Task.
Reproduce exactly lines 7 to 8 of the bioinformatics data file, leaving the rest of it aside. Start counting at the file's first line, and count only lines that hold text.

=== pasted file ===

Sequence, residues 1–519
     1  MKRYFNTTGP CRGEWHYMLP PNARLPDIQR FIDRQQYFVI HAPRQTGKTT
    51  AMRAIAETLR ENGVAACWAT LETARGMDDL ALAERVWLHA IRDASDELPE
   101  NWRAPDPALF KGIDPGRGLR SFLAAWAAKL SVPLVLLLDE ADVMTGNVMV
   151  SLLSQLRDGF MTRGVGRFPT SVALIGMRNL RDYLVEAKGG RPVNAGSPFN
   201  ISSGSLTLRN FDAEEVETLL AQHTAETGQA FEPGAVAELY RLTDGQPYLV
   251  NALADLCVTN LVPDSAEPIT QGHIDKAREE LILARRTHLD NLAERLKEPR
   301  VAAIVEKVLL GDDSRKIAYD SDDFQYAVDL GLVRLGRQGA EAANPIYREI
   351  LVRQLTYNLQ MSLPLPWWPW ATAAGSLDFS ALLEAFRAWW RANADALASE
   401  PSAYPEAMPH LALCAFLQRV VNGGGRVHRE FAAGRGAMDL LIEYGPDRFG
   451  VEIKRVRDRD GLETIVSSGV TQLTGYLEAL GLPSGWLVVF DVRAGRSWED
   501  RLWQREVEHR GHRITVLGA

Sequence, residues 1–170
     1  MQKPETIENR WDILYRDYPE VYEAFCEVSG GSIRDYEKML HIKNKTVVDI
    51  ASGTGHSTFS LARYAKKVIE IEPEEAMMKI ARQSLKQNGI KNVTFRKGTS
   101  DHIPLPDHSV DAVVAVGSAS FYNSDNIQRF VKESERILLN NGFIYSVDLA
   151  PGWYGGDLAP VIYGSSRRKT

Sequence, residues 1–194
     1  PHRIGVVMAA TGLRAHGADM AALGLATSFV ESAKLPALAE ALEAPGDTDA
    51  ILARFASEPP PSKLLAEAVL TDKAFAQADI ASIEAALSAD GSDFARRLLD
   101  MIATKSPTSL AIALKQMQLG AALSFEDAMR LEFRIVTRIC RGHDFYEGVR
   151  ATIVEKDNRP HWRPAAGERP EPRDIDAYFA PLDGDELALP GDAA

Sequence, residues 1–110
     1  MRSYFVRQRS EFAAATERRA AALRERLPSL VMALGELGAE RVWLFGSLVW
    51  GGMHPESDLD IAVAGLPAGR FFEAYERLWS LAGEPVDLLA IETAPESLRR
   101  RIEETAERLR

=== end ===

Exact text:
   251  NALADLCVTN LVPDSAEPIT QGHIDKAREE LILARRTHLD NLAERLKEPR
   301  VAAIVEKVLL GDDSRKIAYD SDDFQYAVDL GLVRLGRQGA EAANPIYREI